Saturday, March 6, 2021

Star Wars: The Rise of Skywalker. A Review (Review #1465)


Some things, perhaps, were doomed from the beginning. 

After The Last Jedi, director J.J. Abrams had a nearly insurmountable difficulty with The Rise of Skywalker, the concluding episode to the now-nine episode Star Wars saga. He was essentially asked to recon a reboot that had already established so much in the Star Wars mythos that Star Wars fans hated. Add to that attempting to integrate a major character whose actress had died before she could return and Abrams perhaps found the whole thing simply too much.  The Rise of Skywalker is anything but, a muddled, boring mess that leaps about from one point to another but has nothing to thrill or excite.

The Resistance and the First Order are now on the hunt for each other, with Jedi trainee Rey (Daisy Ridley) and Sith Lord Kylo Ren (Adam Driver) continuing their efforts to lure the other into the Light or Dark Side. Kylo Ren has a surprising ally: the formerly late Emperor Palpatine (Ian McDiarmid), who has secretly created a massive fleet to wipe out the Resistance once and for all.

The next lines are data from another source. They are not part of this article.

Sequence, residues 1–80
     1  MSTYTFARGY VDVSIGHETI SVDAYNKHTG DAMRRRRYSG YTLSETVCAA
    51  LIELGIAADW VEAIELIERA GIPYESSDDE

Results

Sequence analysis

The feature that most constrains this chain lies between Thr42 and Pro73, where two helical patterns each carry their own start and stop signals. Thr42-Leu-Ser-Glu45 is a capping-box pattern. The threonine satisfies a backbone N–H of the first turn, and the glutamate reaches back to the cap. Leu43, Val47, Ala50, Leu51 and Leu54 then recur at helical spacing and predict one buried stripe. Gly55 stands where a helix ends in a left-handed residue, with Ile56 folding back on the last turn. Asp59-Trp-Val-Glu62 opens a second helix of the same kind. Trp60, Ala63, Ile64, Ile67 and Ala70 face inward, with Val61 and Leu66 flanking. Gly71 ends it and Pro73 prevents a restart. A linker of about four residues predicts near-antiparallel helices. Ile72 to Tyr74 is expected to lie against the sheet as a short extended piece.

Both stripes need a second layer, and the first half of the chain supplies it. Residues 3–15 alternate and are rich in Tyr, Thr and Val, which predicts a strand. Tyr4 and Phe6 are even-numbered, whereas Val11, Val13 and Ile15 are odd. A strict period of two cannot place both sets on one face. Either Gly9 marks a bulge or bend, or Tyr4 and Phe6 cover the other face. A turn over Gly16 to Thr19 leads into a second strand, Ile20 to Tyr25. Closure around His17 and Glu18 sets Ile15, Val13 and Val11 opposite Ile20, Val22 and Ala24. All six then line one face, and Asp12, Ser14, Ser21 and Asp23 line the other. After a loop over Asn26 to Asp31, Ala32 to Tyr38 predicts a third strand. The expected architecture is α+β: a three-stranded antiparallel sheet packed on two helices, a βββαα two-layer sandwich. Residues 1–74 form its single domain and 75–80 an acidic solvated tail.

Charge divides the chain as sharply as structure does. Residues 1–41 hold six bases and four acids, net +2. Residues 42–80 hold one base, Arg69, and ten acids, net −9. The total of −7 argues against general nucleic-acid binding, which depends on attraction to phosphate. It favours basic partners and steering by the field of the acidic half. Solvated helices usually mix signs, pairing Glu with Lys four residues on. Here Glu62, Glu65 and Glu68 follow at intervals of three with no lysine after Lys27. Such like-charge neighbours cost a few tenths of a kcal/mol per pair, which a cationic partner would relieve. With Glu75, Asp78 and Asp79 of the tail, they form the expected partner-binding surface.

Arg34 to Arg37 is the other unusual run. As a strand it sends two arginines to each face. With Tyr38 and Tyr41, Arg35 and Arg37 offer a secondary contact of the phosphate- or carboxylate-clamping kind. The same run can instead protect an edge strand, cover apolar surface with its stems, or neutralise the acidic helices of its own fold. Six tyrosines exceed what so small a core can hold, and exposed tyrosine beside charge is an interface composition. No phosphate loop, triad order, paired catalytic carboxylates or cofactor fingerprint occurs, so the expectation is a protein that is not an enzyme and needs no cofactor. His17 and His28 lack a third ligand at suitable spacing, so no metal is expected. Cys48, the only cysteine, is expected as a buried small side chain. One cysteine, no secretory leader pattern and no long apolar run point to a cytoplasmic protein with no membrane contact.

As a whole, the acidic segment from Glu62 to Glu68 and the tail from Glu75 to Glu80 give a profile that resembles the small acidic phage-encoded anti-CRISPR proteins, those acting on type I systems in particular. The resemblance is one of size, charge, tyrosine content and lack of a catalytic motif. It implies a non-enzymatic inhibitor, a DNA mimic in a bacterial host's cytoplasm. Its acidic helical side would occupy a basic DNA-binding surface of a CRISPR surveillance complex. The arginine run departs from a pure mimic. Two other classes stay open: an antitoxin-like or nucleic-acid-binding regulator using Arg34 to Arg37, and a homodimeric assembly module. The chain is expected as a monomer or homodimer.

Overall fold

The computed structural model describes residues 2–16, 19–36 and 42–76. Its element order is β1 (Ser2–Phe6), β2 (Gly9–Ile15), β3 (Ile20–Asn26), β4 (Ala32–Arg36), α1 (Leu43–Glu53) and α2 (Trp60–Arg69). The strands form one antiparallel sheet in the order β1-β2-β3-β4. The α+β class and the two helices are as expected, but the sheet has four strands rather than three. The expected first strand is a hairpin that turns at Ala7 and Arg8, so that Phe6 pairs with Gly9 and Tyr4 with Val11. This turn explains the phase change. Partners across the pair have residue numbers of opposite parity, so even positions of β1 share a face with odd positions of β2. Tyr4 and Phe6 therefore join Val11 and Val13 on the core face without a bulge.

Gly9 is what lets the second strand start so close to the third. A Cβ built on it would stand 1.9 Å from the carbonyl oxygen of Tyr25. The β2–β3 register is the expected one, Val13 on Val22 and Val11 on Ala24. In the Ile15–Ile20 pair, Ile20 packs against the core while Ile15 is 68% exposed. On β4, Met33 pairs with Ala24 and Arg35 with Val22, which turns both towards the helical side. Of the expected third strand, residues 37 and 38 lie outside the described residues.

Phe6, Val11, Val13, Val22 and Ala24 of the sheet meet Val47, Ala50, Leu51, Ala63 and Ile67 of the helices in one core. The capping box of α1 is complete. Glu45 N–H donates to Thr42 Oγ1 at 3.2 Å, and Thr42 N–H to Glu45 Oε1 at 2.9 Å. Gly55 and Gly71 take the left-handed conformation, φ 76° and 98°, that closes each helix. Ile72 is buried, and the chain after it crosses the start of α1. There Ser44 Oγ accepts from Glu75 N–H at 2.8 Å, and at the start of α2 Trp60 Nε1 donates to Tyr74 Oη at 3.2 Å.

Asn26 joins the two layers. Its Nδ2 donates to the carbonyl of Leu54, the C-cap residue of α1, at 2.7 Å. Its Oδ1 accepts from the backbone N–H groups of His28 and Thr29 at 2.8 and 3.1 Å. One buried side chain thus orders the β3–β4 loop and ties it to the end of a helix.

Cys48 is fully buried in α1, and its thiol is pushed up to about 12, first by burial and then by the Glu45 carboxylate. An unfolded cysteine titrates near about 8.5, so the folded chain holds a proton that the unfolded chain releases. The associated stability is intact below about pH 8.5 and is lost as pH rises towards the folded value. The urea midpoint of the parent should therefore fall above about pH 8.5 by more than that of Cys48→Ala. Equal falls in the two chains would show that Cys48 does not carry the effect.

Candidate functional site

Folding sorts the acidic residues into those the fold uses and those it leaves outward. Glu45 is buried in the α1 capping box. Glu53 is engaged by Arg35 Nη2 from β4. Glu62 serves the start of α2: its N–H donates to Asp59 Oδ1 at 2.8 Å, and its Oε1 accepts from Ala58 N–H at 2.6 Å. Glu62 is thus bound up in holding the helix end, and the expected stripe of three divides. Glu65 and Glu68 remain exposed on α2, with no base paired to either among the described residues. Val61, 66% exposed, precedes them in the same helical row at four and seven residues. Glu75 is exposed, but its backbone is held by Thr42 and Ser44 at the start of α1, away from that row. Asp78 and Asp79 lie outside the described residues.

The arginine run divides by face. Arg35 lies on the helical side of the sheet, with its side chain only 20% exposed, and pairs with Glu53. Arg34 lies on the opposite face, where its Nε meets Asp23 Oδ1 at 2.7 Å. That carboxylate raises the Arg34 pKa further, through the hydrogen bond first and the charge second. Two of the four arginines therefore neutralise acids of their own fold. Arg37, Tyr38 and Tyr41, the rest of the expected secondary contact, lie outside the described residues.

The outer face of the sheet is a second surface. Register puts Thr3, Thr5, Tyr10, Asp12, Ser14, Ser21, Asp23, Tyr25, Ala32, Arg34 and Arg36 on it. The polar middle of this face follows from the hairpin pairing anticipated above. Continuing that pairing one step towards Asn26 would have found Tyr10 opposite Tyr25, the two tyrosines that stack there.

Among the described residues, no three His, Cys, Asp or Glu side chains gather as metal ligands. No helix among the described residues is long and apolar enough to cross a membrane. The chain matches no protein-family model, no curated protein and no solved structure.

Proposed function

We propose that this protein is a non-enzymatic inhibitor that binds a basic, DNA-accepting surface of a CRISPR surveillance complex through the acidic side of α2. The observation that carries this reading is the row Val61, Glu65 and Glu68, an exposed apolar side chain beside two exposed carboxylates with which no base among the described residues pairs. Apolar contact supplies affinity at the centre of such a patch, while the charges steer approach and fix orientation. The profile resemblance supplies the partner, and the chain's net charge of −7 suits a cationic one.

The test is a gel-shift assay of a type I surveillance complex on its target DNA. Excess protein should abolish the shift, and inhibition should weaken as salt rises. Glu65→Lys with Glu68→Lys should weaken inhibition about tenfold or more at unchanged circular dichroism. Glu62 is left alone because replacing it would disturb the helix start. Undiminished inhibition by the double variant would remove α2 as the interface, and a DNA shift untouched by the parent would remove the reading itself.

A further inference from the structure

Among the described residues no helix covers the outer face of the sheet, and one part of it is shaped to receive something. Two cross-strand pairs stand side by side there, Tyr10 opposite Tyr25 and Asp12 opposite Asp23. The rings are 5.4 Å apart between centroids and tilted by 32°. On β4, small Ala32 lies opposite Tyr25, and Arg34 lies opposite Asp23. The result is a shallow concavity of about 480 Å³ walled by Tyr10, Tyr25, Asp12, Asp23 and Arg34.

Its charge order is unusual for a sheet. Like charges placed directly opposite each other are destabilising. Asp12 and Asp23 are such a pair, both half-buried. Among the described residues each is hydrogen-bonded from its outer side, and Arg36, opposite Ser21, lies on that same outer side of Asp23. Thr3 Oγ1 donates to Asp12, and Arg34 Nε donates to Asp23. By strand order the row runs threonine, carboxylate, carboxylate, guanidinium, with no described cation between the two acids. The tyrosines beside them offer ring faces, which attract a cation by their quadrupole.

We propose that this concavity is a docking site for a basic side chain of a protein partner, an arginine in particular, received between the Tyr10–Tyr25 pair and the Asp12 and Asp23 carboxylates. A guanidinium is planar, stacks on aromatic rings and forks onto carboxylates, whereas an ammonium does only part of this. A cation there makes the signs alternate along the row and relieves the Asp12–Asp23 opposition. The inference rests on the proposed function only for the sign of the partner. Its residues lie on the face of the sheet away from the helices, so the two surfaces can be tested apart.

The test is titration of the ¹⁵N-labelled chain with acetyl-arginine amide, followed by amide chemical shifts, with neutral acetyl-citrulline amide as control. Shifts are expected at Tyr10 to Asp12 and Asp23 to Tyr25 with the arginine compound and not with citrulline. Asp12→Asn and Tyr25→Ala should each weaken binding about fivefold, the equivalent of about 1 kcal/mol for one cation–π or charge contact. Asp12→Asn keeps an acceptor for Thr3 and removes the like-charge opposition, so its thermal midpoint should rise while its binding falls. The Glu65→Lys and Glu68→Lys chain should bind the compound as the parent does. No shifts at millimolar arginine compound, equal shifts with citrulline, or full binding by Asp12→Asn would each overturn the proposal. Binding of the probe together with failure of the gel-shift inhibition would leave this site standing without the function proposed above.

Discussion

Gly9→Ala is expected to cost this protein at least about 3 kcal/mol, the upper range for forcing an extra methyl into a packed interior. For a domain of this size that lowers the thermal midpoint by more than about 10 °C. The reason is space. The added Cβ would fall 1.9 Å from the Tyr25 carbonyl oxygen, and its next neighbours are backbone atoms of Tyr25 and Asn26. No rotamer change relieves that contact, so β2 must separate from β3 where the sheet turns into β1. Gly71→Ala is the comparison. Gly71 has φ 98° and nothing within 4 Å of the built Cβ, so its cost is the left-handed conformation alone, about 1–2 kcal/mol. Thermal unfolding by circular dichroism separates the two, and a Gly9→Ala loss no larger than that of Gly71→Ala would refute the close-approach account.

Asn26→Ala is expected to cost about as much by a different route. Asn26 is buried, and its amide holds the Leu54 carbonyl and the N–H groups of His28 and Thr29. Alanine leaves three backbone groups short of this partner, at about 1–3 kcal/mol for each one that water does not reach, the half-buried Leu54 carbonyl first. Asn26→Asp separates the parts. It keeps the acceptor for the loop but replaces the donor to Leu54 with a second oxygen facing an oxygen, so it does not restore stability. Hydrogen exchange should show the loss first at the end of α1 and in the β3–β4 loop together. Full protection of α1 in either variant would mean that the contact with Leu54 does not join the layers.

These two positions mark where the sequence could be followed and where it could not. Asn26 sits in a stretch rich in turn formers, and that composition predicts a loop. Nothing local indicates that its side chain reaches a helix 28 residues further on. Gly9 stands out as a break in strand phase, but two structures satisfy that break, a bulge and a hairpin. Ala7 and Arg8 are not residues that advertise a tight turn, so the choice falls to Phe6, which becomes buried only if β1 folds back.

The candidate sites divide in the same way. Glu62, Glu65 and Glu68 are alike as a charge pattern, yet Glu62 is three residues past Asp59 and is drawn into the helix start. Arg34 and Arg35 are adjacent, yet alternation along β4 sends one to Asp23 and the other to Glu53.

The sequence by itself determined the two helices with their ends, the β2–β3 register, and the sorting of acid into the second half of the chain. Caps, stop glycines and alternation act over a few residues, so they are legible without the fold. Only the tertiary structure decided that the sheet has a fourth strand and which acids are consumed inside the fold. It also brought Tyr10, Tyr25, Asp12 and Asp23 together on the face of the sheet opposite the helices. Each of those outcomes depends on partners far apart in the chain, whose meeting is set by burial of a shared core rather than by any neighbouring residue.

The Emperor has a special reason to find Rey, but it is not to kill her. It is to enthrone her as the new Empress, for we learn that Rey is the Emperor's granddaughter! None of this is known to Rey or her Resistance friends: dashing fighter pilot Poe Dameron (Oscar Isaac), former Stormtrooper Finn (John Boyega) or Wookie Chewbacca (Joonas Suotano). They, along with Rey, are in search of a Sith Wayfinder to find Exogol, the hidden world of the Sith.